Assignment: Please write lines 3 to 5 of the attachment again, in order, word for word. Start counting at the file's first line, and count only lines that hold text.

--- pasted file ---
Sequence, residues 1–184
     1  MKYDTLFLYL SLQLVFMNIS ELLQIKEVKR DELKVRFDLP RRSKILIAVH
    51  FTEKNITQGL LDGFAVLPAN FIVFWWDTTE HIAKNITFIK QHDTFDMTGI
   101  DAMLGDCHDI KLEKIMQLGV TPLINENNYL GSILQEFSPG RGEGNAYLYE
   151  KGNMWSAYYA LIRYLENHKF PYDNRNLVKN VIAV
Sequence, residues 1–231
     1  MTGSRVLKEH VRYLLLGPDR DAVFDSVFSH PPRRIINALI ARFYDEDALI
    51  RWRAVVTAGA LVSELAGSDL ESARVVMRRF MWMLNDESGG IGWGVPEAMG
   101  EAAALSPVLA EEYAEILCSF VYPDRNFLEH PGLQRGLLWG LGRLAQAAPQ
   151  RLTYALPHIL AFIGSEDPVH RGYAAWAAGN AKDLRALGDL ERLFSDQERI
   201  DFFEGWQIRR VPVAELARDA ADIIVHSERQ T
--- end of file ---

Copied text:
    51  FTEKNITQGL LDGFAVLPAN FIVFWWDTTE HIAKNITFIK QHDTFDMTGI
   101  DAMLGDCHDI KLEKIMQLGV TPLINENNYL GSILQEFSPG RGEGNAYLYE
   151  KGNMWSAYYA LIRYLENHKF PYDNRNLVKN VIAV